Egypt, Sudan Continue to Undermine AU-led talks over GERD

ADDIS ABABA – Egypt and Sudan have called for international mediation to end a long-running dispute over the construction of Ethiopia’s dam on the River Nile.

Both countries fear the dam could affect their water supply – a notion Ethiopia disagrees with as the dam will be used to produce energy.

The call came as the Egypt’s President Abdel Fattah al-Sisi was on a visit to Sudan for the first time since the overthrow of its former President Omar al-Bashir in 2019.

During his visit to Khartoum Mr Sisi met Sudan’s civilian and military leaders.

The fact that these were separate meetings points to the somewhat awkward relationship between the different personalities in Sudan’s transitional administration.

But it seems they all agreed on one key issue: The Grand Ethiopian Renaissance Dam (GERD)

In a statement after the talks, Egypt and Sudan called for a new round of dialogue with an expanded mediation team to include officials from the African Union, the United States, the EU and the UN.

They said an agreement had to be reached before Ethiopia starts the next stage of filling the dam’s huge reservoir, which is expected to begin in June or July.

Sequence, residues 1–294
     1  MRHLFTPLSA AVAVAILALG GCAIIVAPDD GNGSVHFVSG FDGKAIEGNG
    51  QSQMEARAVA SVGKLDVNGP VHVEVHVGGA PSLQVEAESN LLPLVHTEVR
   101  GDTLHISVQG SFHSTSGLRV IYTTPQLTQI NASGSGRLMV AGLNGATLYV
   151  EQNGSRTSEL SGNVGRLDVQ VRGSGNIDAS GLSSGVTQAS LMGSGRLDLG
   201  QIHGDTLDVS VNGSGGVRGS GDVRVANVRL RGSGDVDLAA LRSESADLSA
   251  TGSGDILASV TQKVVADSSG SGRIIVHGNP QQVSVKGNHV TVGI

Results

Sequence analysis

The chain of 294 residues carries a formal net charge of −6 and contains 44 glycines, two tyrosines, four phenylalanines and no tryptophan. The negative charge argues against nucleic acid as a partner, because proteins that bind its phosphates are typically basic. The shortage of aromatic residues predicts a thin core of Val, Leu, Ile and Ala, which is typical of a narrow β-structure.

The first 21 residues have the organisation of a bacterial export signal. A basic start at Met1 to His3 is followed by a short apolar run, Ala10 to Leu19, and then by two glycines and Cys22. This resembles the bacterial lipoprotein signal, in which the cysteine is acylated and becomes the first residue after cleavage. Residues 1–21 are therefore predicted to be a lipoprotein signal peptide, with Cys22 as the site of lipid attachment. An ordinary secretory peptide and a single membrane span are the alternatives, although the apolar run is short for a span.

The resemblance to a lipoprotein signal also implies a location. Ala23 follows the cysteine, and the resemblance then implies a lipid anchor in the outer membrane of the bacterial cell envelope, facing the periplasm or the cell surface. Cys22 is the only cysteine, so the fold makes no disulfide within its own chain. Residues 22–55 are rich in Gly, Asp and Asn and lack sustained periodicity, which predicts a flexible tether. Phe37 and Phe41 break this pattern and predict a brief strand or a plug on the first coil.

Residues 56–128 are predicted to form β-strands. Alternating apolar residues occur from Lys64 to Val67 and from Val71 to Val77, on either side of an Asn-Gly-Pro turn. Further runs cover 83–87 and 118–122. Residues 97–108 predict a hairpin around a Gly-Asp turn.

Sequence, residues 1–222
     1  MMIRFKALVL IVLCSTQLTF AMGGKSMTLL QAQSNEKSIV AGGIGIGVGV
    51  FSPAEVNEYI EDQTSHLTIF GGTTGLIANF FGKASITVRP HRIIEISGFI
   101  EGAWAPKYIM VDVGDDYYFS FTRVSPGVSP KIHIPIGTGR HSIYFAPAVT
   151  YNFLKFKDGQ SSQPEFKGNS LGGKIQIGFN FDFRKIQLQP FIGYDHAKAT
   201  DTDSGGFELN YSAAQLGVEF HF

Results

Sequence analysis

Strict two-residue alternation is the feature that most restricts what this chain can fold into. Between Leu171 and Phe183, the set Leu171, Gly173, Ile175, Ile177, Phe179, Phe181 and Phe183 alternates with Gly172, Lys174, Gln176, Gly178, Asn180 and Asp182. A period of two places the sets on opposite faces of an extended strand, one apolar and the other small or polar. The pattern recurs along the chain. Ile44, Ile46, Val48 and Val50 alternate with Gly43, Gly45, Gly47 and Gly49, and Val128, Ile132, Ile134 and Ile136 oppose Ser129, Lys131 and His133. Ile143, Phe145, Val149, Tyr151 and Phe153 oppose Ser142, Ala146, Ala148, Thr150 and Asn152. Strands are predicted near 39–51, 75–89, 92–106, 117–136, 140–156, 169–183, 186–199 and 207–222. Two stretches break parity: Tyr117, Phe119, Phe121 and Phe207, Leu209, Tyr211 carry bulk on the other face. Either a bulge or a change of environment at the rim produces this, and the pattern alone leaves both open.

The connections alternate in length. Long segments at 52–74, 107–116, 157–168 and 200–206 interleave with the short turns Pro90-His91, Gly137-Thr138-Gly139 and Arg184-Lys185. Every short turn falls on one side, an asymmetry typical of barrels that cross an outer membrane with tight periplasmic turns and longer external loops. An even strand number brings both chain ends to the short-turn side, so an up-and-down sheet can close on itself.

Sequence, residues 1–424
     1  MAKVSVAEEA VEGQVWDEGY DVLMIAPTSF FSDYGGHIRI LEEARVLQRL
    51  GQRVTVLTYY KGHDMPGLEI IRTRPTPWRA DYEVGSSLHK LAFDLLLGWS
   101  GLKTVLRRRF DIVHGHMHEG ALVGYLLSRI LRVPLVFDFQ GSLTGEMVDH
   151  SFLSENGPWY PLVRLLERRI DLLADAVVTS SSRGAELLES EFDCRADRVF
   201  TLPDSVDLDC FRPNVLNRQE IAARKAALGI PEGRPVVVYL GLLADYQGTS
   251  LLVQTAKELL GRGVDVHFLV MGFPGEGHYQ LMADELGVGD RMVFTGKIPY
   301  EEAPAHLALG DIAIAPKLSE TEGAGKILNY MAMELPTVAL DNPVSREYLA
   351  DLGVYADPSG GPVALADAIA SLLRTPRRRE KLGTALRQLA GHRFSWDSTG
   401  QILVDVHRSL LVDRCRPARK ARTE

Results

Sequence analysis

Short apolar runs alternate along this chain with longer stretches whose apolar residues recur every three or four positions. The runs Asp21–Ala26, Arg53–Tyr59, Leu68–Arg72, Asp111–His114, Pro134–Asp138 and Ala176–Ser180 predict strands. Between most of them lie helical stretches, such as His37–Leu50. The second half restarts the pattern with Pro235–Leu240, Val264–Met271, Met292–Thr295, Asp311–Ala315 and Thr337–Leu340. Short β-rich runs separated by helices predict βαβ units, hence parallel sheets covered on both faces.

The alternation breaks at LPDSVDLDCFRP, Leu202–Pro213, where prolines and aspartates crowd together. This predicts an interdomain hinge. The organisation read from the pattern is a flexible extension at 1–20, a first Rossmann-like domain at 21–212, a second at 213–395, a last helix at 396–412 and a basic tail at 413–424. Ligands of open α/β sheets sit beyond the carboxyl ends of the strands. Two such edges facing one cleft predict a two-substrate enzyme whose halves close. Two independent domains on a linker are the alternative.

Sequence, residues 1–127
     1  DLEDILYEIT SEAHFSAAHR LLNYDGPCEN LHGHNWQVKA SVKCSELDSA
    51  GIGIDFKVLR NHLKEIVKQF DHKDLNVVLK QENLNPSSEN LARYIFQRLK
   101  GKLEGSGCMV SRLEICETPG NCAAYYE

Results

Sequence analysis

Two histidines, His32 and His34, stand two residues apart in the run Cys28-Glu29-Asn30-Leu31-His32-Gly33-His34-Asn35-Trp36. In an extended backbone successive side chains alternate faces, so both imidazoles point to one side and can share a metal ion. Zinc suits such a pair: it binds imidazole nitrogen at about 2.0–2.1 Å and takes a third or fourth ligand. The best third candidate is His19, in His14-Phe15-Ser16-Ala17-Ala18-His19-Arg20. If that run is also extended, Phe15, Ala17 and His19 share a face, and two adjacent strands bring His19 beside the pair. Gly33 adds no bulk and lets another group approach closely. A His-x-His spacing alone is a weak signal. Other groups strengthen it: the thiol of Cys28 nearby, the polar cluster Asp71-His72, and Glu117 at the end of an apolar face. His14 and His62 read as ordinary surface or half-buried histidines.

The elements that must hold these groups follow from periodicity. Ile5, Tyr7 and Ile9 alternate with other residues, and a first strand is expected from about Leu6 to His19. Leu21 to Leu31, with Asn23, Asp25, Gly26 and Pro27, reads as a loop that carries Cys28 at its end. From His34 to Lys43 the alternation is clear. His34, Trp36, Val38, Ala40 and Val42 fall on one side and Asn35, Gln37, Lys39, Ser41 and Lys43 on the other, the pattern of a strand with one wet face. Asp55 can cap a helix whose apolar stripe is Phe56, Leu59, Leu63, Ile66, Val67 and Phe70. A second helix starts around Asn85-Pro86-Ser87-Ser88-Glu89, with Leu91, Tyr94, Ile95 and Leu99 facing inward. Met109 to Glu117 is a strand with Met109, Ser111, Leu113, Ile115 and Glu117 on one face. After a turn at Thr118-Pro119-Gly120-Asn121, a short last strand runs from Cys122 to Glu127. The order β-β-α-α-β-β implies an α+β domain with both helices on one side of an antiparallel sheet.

While Ethiopia says it is willing to keep talking, it wants to stick to the dialogue organised by the African Union and does not want to involve these additional international mediators – a proposal Ethiopia see as demeaning to AU-led negotiation.

“The tendency to invite various parties as mediators to the issue while the AU-led negotiation has not been finalized is demeaning the efforts of the AU,” said Dina Mufti, spokesperson of Ministry of foreign affairs, on Wednesday.

“We have been negotiating in good faith and in deep belief that we have got the right to utilize our water resources without significantly harm the downstream countries, in accordance with international law principles of fair and equitable utilization of the water resources,” he said.

Egypt has long opposed the construction of the dam because it relies so heavily on the water from the Nile. It’s possible that Sudan could benefit from it though – experts say there would be less flooding and Sudan could get electricity in return.

But in recent months Khartoum has hardened its position taking Egypt’s side.

With the two countries signing military agreements and forming closer and closer ties which reports say aims to put pressure on Ethiopia.

GERD is a source of national pride for Ethiopia with dam expected to give electric power to energy sterved economy.